it typical, Coolermaster included the rare top-mounted screw holes. It is
another nice touch. For PSUs that have the proper holes (such as many of the Fortron models and Fortron-made brands), attaching it to
the ceiling of the case provides two benefits:
- It helps prevent the possibility
of the PSU rattling on its shelf, and
- by connecting the PSU shell to both
the back and the top of the case, the entire case structure is reinforced,
reducing flex and the possibility of resonance.
The Centurion 5 came bundled with a Coolermaster Real
Power RS-350-AMSR 350 watt PSU. Again, here are Coolermaster’s own words on the product:
PSU information from Coolermaster
Power Supply is a key component to supply all power
requirements in supporting PC operation to maintain continuous stability
and reliability of a computer system. Cooler Master power supply lets
your PC operate better and more efficient, with the best power source
as it comes into your PC. It also enhances system reliability by preventing
mains abnormal supply from spikes and surges. In addition, the power
supply provides your system with perfect protection. RS-AMSX is a standard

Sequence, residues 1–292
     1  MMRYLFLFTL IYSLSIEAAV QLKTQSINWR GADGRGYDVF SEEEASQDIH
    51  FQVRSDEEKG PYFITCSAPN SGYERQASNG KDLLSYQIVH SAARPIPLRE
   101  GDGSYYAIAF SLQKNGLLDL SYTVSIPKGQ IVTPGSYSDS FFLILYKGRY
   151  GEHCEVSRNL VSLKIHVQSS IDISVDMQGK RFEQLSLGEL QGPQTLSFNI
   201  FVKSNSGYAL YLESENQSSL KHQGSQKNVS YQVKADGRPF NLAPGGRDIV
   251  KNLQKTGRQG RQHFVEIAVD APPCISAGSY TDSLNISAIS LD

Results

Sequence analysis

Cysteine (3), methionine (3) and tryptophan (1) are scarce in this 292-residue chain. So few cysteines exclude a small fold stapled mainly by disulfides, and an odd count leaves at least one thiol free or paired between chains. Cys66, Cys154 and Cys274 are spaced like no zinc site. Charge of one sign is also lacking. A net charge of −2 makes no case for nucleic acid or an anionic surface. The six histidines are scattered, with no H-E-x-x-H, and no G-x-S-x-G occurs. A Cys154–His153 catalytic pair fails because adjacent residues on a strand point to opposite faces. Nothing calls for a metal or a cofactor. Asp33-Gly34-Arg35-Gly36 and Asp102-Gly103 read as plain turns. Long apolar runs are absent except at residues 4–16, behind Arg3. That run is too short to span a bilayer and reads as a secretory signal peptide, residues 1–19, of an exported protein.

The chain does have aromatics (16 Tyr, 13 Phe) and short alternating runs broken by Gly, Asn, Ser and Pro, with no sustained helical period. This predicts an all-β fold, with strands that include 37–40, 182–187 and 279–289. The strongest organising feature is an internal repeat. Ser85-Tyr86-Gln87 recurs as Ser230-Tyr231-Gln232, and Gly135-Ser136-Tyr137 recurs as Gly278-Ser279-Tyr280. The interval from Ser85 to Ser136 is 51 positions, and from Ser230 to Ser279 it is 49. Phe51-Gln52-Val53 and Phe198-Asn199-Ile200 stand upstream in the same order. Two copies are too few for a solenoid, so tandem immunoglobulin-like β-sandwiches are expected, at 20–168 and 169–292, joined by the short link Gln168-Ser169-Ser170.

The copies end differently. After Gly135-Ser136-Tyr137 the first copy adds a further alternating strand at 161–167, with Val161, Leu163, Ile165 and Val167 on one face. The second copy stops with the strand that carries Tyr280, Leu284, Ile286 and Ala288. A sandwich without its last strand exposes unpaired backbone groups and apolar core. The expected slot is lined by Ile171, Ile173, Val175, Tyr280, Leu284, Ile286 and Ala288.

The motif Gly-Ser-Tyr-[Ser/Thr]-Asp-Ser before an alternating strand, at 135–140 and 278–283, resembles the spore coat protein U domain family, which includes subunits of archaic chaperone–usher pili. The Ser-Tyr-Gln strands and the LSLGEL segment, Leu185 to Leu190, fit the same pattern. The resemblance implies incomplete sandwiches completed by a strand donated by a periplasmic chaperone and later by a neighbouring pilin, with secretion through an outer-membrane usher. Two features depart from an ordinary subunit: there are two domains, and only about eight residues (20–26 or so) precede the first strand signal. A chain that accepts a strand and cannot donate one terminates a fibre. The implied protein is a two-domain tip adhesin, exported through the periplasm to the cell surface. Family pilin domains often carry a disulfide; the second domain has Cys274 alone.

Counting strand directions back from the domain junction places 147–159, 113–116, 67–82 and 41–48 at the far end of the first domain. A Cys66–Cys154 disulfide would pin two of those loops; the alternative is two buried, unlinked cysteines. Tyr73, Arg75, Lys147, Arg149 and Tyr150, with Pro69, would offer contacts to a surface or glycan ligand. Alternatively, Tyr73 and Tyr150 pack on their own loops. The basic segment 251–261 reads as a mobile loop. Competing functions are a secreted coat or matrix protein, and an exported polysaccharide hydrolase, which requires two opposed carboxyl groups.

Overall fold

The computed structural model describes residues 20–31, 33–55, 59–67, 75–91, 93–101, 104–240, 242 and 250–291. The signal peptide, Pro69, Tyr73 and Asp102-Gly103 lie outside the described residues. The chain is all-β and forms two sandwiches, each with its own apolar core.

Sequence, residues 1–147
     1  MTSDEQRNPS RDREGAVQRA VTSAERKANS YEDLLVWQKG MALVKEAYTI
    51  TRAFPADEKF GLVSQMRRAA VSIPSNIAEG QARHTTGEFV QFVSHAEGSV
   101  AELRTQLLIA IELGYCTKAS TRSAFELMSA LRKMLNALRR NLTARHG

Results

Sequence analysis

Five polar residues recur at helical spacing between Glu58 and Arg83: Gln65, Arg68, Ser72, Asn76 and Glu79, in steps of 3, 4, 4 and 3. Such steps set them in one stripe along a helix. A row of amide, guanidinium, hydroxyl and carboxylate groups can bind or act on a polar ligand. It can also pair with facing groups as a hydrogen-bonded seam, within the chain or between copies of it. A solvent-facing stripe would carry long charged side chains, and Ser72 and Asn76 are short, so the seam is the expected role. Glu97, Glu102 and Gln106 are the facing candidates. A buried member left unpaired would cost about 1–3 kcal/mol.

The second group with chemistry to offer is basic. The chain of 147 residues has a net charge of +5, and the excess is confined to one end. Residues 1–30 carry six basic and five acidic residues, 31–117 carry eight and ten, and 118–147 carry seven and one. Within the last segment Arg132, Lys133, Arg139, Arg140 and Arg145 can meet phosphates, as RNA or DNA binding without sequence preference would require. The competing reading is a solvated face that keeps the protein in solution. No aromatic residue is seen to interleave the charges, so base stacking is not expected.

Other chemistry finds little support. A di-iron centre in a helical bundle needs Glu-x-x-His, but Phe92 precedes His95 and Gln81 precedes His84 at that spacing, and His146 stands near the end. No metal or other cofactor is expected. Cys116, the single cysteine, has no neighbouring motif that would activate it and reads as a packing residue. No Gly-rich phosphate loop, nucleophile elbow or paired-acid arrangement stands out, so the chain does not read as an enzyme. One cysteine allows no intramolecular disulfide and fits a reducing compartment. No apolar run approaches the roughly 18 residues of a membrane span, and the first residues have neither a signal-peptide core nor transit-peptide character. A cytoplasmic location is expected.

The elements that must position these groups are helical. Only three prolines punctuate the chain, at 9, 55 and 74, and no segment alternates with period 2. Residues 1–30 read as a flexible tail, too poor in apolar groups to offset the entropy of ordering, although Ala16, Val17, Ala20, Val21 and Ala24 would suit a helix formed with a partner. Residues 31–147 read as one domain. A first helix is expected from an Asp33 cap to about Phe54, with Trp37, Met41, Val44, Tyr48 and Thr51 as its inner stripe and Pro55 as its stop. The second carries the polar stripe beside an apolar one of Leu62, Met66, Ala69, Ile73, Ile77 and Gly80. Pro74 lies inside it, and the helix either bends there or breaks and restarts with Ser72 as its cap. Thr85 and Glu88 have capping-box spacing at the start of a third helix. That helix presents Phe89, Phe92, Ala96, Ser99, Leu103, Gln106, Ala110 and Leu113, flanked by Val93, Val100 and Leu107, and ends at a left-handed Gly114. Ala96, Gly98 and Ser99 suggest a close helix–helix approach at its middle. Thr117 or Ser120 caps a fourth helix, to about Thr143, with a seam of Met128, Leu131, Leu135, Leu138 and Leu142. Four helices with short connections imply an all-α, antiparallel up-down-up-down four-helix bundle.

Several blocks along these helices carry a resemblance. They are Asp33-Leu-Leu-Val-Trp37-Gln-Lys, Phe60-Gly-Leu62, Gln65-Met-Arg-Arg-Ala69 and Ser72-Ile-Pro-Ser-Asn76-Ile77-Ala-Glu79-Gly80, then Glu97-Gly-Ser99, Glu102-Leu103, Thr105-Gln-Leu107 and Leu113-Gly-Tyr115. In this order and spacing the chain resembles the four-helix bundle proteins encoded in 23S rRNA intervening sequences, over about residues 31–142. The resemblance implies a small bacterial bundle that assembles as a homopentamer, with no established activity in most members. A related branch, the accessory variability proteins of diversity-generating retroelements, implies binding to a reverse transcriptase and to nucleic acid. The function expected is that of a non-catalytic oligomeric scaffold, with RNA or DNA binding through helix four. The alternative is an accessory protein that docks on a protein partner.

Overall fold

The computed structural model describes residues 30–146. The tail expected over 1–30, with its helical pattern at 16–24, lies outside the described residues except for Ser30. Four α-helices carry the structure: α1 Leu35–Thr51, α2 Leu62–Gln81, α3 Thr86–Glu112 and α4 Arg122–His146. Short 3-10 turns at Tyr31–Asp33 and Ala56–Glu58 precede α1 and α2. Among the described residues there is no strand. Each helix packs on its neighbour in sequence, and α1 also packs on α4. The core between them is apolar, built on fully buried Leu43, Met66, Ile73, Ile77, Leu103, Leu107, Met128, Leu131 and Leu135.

ATX-12V PS2 power supply offering more power capacity for CPU usage.
Super Silent 350W with intelligent fan control (<23dB)
Fully supports Intel ATX 12V V1.2 for Intel® and
High efficiency and reliability (MTBF > 100,000
Hrs @ full-load / 25 Degree C)
design to meet blue angel and energy star (<1W @ Standby Mode)
SATA and external
fan connectors for next hard drive and system fans
capacity satisfy hungry hi-end system operation
current, temperature, and short circuit full protection
Specifications Voltage 90V~132V or 180V~264V (Selectable) Current 10A @ 115Vac / 5A @ 230Vac Frequency 47Hz~63Hz Hold-Up Time > 16ms @ Nominal Input Voltage Efficiency >
70% @ Full Load
form factor: approx 15cm x 8.6cm x 14cm
Operation Ambient 0
to 50 degrees C, to 90% relative humidity, 10,000 ft
Storage Ambient -20
to 60 degrees C, to 95% relative humidity, 50,000 ft
/ CE / CNS
/ cUL / TUV / NEMKO
Output Voltage Line +3.3V +5V +12V -12V +5Vsb Max. Current 18 25 16 1.0 2.0 Max. Power 160W 168W 12W 10W Max Combined
328W 22W Static Regulation +/-5% +/-5% +/-5% +/-10% +/-5% Ripple/Noise 50mV 50mV 120mV 120mV 50mV Cabling * 2 dedicated fan only connectors, which supply 12V only
* Pair of SATA connectors
* 2 strings of 2 4-pin Molex,, 1 floppy
* 1 AUX 12V connector
* ATX connector